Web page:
African Cuisine

Remi Joffray Chef Richard Worthen World Cuisine Win.Qtr.2008

Traditionally, as in almost all cultures, the food of Africa uses a combination of locally available fruits, grains, and vegetables, milk and meat products. In some parts of Africa, the traditional African diet has a predominance of milk, curd, and whey. In much of tropical Africa however, cow's milk is rare and cannot be produced locally (owing to various diseases that affect livestock). Yet, differences, sometimes significant, are noticeable in the eating and drinking habits across the continent of Africa - African food differs in different parts of Africa, and East Africa, North Africa, West Africa, Southern Africa and Central Africa each have their own distinctive foods. They are very well known for their distinctive cooking styles. A typical West African meal is heavy with starchy items, light on meat and generous on fat. Fufu, a semi-solid starchy mass similar to mashed potatoes or polenta, is served with soups and stews, such as egusi. Fufu is often made from starchy root vegetables such as yams, cocoyams, or cassava, but also from cereal grains or plantains.

The cuisine of East Africa varies from area to area. In the inland savannah, the traditional cuisine of cattle-keeping peoples is distinctive in that meat products are generally absent. Cattle, sheep and goats were regarded as a form of currency and a store of wealth, and are not generally consumed as food. In some areas, traditional peoples consume the milk and blood of cattle, but rarely the meat. The cuisine and the culinary style and art of North Africa are also as diverse as the land, its people and its history. Over several centuries traders, travelers, invaders, migrants and immigrants all have influenced the cuisine of North Africa. The Phoenicians of the 1st century brought sausages, the Carthaginians introduced wheat and its byproduct, semolina. The Berbers, adapted this into couscous, one of the main staple diet. Olives and olive oils were introduced before the arrival of the Romans. Cuisine of South Africa and the neighboring countries is sometimes called 'rainbow cuisine', Over time waves of immigrants which included Indians, Malays, Chinese as well as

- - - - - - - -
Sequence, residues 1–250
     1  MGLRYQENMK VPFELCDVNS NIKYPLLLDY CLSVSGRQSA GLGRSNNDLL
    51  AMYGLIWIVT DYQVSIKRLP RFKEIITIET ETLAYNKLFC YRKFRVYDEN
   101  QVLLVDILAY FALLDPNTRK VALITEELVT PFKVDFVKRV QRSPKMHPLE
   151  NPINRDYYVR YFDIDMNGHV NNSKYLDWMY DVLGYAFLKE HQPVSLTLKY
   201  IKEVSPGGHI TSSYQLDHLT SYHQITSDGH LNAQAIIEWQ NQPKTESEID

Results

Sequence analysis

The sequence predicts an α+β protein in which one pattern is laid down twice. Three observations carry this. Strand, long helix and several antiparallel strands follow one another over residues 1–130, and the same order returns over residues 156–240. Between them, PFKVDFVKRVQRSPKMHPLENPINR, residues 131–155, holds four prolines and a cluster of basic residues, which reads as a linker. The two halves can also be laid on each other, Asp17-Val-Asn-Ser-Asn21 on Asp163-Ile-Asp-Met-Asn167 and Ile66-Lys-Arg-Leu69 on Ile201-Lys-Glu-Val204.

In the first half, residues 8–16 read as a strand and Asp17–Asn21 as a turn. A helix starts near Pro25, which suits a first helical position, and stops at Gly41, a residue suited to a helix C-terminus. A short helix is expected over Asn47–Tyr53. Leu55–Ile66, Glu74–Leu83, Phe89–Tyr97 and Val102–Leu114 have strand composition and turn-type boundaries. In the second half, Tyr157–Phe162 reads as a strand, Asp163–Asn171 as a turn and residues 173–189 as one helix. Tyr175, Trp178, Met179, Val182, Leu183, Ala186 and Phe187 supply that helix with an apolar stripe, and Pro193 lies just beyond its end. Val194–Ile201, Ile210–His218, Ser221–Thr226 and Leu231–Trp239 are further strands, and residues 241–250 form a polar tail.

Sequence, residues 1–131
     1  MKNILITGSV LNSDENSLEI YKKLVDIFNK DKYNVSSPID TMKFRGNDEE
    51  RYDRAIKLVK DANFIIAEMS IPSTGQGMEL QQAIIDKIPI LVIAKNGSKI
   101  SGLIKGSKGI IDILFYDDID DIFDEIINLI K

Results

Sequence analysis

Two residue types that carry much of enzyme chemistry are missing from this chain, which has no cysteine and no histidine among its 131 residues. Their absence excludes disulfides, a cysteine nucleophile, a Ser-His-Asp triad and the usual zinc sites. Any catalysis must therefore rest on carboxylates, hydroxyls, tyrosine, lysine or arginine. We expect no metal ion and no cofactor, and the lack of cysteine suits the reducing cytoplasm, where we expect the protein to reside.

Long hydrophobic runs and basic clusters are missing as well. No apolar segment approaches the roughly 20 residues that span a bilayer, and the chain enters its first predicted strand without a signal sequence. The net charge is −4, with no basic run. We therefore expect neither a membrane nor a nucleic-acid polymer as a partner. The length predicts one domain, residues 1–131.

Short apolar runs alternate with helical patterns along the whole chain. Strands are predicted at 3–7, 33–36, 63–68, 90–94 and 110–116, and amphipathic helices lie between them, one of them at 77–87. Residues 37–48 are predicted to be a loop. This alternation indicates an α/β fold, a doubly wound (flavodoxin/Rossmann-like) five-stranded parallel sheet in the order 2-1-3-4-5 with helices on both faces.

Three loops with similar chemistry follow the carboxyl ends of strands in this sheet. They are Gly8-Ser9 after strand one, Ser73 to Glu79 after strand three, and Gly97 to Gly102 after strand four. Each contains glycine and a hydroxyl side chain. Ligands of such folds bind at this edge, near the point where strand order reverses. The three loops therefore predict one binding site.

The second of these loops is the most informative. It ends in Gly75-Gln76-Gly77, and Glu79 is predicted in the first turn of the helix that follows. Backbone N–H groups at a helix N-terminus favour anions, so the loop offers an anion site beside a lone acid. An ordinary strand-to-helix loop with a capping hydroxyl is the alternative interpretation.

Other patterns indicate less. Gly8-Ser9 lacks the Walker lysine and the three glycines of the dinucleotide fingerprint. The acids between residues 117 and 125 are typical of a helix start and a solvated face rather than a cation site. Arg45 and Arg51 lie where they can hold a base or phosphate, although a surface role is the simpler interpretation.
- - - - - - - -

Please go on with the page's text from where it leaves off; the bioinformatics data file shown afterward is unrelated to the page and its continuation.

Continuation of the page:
Europeans would settle. Thus, the food here is a blend of many cultures – African, European and Asian.

Bibliography

Harris, Jessica B The Welcome Table: African American Heritage Cooking. New York: Simon & Schuster, 1995. Thurman, Sue Bailey The Historical Cookbook of the American Negro. Washington, D.C.: National Council of Negro Women, 1958. White, Joyce Soul Food: Recipes & Reflections from A.A. Churches. New York: HarperCollins, 1998

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